Today’s post is about a special wine family from the Veneto. I drank a wonderful Ripasso from the Veneto to celebrate the New Year yesterday and realized that I had never posted this story I wrote earlier this year about Sartori.
Anyone who has every met Andrea Sartori would be hard pressed to immediately guess where he is from. Blond and blue eyed with a decidedly American tinge to his accent when he speaks English, he is incredibly approachable for one at the head of a group like Sartori in the Veneto. Among the most important winery groups in the region, Sartori also heads many intergovernmental organizations and wine related groups that work on a plethora of issues from E.U. regulations to climate change. It would also take a bit of time to understand the growing importance that Sartori places on sustainability and organic farming.
Mostly known for their Amarone, Sartori is actually a partner in two wineries in two Italian regions that focus exclusively on organic grapes – Mont’Albano in Friuli Venezia Giulia and Cerulli Spinozzi in Abruzzo. I was told that they pick wineries to invest in that represent something unique and specific not only about the winery but also about the region where they are located. The Sartori family seems to have felt a kinship both with Friuli and Abruzzo as well. The link is undoubtedly family oriented firms as all three of these wineries are family run.
Having met Andrea numerous times throughout the years, nothing surprises me any longer. He and his consultant winemaker, Franco Bernabei, are always involved in interesting projects such as making the wines to celebrate the 100th anniversary of Giuseppe Verdi’s death. The Foundation of the Arena di Verona launched a red and a white wine that celebrated the local wines from the Consortium of Bardolino, Cutoza, Soave and Valpolicella. It was the first time that some 4,900 producers and growers from the Verona area worked together to support one of the region’s most important cultural landmarks.
The white was a Garganega Verona IGT 2012 and the red was a Corvina Verona IGT 2011. Sartori is the official partner of the Arena Foundation and was behind much of the logistics and technical support for the project, including the packaging. Franco Bernabei was asked to create the wines together with the various Consorzi. The wines were offered and sold in local restaurants and wine shops, with part of the revenue given to the Arena Foundation for future initiatives.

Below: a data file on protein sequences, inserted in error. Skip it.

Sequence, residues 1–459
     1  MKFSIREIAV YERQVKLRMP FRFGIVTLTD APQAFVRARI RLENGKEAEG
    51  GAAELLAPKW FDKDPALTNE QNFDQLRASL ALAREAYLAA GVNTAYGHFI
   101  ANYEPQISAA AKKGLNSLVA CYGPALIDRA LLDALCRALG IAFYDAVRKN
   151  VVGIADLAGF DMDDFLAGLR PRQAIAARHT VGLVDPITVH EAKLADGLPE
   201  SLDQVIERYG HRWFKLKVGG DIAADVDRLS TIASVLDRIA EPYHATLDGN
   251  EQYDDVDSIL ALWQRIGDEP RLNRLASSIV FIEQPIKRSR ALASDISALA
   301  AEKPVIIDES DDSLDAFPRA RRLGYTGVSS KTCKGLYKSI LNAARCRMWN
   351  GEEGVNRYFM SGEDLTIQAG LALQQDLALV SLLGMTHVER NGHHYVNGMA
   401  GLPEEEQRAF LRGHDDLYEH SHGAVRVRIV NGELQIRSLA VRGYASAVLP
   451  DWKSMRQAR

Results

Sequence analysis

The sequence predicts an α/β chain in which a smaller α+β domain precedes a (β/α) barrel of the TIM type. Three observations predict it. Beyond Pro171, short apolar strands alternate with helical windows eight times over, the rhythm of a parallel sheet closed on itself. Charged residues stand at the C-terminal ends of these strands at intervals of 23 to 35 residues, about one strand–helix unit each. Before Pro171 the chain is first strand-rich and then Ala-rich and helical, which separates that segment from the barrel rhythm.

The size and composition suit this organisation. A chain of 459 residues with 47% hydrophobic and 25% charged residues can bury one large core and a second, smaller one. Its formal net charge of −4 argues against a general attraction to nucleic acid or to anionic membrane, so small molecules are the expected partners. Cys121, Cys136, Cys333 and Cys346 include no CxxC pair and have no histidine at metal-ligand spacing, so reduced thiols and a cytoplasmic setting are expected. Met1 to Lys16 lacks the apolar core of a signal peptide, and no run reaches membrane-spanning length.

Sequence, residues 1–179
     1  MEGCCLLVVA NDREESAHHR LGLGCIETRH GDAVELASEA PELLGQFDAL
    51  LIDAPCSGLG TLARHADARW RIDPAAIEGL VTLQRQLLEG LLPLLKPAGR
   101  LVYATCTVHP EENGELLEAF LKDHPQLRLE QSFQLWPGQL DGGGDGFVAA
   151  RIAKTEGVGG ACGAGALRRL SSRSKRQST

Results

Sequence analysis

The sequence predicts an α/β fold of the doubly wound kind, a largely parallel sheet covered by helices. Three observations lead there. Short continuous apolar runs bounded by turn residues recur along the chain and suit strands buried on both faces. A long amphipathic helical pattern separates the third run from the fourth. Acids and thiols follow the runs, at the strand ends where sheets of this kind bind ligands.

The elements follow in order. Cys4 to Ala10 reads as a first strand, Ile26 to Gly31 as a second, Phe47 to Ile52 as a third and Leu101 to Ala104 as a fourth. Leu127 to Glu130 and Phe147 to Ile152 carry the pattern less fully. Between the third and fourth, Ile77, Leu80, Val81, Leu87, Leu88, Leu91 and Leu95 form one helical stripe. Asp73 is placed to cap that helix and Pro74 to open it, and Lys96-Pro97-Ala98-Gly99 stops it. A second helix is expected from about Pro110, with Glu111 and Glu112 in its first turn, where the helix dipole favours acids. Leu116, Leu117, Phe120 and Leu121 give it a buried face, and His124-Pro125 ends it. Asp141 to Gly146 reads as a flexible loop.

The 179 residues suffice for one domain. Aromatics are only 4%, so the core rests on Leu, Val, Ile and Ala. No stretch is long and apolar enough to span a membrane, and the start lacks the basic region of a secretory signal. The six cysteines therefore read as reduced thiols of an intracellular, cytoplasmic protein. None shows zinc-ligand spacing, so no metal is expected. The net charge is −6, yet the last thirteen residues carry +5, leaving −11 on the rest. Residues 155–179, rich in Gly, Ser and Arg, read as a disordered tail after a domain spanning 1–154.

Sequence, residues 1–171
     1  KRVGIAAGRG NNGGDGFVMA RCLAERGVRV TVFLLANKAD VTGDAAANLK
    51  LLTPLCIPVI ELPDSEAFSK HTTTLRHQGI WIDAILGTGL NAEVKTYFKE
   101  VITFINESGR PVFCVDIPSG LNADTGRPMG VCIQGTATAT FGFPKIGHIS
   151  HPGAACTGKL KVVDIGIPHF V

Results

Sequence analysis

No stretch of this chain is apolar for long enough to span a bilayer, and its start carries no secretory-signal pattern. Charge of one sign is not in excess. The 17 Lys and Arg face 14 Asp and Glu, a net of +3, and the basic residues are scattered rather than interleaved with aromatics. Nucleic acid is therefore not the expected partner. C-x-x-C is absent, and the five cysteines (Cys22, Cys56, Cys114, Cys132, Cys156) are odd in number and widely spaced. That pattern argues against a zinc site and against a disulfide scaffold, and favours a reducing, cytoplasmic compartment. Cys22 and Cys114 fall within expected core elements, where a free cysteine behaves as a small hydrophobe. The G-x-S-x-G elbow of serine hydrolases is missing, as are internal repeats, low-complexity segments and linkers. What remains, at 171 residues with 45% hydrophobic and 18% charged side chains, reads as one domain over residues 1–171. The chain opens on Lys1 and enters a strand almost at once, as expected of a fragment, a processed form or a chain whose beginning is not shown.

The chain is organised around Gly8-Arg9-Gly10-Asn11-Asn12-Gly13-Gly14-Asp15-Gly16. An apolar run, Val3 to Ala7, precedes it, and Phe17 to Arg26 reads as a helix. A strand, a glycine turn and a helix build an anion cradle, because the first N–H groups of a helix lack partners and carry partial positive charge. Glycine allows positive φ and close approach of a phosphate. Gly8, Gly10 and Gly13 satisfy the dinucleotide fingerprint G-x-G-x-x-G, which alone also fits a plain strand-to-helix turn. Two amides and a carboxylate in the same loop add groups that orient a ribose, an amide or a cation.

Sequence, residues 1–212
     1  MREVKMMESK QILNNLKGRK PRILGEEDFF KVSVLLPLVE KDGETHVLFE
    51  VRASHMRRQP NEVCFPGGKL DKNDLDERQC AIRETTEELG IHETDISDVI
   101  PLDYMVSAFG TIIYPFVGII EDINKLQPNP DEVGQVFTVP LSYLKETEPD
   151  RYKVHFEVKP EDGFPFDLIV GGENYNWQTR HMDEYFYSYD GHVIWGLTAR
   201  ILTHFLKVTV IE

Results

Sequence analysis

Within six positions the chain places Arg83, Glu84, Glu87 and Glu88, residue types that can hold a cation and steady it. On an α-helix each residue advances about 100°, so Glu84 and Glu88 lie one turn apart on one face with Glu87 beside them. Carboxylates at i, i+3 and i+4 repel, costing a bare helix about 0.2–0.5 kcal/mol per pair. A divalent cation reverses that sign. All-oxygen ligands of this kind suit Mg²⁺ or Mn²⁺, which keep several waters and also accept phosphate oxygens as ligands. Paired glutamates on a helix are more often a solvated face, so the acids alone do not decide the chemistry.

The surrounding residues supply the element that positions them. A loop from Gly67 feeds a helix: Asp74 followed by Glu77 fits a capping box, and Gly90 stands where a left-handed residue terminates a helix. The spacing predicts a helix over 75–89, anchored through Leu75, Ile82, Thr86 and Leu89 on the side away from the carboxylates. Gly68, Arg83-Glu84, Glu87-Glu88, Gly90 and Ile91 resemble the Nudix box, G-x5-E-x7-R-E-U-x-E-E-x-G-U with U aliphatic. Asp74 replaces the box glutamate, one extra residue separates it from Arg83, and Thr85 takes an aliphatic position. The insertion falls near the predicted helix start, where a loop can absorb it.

Additionally Sartori launched a special edition of their Amarone della Valpolicella Classico 2009 and donated part of the sales from that wine to the Arena Foundation. The wine has been served at a number of events, including one in Hong Kong that also involved the Gino Strada’s non-profit Emergency.
As to the interesting wines from Mont’Albano in Friuli Venezia Giulia, Sartori acquired the winery in 2008. Mont’Albano was ahead of its time and has been organic since the mid 1980s. Not only are the grapes organically grown but also the bottles they use are thinner and lighter in weight and the labels are all done using recycled paper.
Mauro Braidot is the founder of Mont’Albano, which is located in Colloredo di Monte Albano in Friuli. The winery has a host of organic certifications for each of its important markets such as the U.S. and Canada. Mont’Albano is in the Friuli Grave Denominazione d’origine controllata (D.O.C.) zone. The wines they produce are a combination of indigenous and international varieties, including a Pinot Grigio, and a Merlot/Refosco blend of note.
Another project that the Sartori/Bernabei team worked on together is the Cerulli Spinozzi winery in Abruzzo that Sartori bought into in the early 2000s. The winery was started in 2003 and the vineyard lands were a merger of two properties – that of the Spinozzi family and that of the Cerulli Irelli family,
The winery produces wines made from indigenous varieties from Abruzzo such as Montepulciano d’Abruzzo, Trebbiano d’Abruzzo and Pecorino. The grapes are organically grown. The Montepulciano d’Abruzzo comes from the area known as the Colline Teramane, Abruzzo’s only Denominazione d’origine controllata e garantita (D.O.C.G.) wine, awarded in 2002.
It’s interesting to note that a modern, large group such as Sartori expanded its holdings in these areas and with properties that are interested in sustainable development and organically grown grapes. Sartori while not using organically grown grapes in all of its wines does have every certification on record, no small feat, for the entire winemaking process. One can hope that they are a symbol of what is to come for other large groups in Italy but that might be wishful thinking. In any case, Andrea Sartori’s international style has translated into a very innovative group without sacrificing tradition or territorial connections, a winning combination it seems.
Happy New Year!